In April 2015 I visited the Wired Health conference in London, I write the following about a product I saw called the MinION:

Clive G Brown, CTO of Nanopore Technologies, spoke about how his company’s USB stick-sized DNA sequencer will enable an “internet of living things”. He spoke of how he could see consumers using this medical device and having results go to the cloud for diagnosis. Old DNA sequencing machines cost hundreds of thousands of pounds and are huge, this device costs just £650. Clive has a vision for immediate results on a device that can be run anywhere, he used an analogy of building it into a toothbrush so your biology can be sequenced every morning and monitored for changes.

A device like this could be revolutionary in the field of testing epidemics, environmental monitoring and infectious disease control. It’s predictive and preemptive. It could allow general self quantification in the same way diabetes patients track their blood sugar. For any leukaemia patient, like me, who has to have regular blood tests or bone marrow biopsies, several narratives converged for me at this particular moment in time.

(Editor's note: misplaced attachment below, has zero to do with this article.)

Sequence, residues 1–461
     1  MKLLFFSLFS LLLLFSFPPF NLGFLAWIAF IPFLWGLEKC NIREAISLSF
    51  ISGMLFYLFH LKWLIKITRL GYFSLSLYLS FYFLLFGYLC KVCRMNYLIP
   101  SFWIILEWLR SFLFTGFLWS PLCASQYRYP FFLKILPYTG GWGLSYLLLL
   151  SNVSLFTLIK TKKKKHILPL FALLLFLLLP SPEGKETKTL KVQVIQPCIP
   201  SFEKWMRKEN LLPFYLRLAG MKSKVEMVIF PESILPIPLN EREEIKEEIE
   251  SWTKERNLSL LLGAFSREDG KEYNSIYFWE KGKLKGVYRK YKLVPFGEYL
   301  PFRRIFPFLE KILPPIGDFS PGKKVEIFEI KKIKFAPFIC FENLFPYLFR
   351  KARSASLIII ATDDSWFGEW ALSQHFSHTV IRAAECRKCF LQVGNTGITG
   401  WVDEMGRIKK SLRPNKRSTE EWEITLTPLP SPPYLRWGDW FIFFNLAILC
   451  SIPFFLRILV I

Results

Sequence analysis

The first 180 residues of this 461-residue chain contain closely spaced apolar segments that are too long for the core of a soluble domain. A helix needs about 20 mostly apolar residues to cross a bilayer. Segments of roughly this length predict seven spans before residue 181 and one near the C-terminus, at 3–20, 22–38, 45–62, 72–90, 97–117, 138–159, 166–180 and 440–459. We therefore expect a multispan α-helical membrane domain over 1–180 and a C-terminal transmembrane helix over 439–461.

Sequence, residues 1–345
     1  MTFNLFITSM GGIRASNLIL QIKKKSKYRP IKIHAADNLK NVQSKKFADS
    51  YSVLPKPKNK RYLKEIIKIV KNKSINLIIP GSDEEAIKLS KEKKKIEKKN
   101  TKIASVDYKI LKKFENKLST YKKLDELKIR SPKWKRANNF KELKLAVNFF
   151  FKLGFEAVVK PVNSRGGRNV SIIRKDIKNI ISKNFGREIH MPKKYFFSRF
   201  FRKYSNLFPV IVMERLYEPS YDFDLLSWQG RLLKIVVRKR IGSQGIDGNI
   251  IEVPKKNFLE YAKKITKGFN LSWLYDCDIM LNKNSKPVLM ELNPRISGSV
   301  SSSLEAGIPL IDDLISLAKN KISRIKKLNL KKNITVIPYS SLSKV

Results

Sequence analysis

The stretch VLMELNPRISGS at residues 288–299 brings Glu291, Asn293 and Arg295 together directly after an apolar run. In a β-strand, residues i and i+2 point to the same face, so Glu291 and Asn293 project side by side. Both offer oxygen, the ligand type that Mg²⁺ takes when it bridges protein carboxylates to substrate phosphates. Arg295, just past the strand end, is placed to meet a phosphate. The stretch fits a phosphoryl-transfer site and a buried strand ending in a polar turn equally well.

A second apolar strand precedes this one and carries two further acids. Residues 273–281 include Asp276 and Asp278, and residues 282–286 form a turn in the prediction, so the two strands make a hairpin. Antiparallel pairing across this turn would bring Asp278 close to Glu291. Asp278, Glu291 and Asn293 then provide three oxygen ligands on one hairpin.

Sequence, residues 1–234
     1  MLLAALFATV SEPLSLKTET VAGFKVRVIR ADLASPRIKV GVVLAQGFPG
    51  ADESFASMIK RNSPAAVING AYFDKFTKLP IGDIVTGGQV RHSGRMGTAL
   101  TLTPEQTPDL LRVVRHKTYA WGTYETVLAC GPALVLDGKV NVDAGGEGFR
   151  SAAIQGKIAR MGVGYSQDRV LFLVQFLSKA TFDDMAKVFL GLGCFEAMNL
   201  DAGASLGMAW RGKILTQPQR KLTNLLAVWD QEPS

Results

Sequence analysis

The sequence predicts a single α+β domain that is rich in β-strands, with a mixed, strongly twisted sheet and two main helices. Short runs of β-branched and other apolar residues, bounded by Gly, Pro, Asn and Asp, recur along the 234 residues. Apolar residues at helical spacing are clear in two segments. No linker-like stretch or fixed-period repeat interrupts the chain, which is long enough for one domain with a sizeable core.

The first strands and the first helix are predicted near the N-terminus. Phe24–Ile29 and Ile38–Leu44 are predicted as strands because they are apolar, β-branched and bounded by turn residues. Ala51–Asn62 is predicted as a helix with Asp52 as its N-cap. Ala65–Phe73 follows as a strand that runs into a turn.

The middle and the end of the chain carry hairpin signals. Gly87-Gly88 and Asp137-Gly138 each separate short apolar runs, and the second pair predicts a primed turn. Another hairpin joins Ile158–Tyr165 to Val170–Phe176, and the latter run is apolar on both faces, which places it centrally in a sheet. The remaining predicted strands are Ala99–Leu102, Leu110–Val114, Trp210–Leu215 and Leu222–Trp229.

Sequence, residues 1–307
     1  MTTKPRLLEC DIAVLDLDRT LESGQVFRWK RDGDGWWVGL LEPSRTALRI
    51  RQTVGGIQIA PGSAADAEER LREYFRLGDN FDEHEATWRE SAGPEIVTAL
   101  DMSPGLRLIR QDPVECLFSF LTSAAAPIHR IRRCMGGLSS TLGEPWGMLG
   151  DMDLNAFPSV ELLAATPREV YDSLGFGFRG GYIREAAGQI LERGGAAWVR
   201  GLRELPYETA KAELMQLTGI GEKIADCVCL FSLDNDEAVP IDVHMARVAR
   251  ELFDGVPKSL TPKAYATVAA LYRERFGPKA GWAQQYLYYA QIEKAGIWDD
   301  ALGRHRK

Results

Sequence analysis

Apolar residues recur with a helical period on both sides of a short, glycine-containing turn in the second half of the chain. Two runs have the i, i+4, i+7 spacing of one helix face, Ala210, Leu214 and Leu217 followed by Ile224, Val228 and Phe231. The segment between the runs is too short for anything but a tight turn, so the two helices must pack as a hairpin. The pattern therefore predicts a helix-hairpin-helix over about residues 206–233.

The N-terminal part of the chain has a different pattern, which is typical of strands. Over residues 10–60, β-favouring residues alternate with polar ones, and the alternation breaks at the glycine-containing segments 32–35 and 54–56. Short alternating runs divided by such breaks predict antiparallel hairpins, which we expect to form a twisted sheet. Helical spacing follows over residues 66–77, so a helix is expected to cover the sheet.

Imagine a device that meant we wouldn’t have to visit our consultant regularly but still allowed us to do regular blood tests. It would pick issues up sooner, share results, save the NHS lots of money and do away with bone marrow biopsies. Imagine a device that could track chromosome abnormalities and check immediately for the philadelphia chromosome. The device you see me holding in my hand could be the key to unlocking all of that. This could also be the key to mass screening and therefore the saving of many lives. No pressure there then.

Clive is clearly a man who wants to keep expectations in check but I can’t help but get excited. I spoke to the team during one of the breaks and we are going to talk. This is one to watch!

Last week I was invited to the Nanpore offices in Oxford to give a talk to their staff about self-quantification. The talk ultimately ended up being about the life of a CML patient and the things we go through on a daily basis. It was an emotional rollercoaster and I felt the 150-strong audience were with me every single step. My talks are hard work, I don’t spare any detail but I try and look at things in a light-hearted way. I’m happy to share in order to get people to understand. Understand the patient and the process becomes simple.

After the talk I was given a tour of the offices and laboratories. It’s an incredible organisation with a talented staff who care deeply about their work. It was very humbling to meet so many good people. The CEO, Dr Gordon Sanghera, is driven, intense and inspirational and made me feel very welcome.

This won’t be last you’ll hear from me about Nanopore, I have high hopes from them in 2016. No one ever does something that changes the World because it is easy……they do it to make a difference. I hope I was able to show them enough to see what that difference will make.    Kris Griffin

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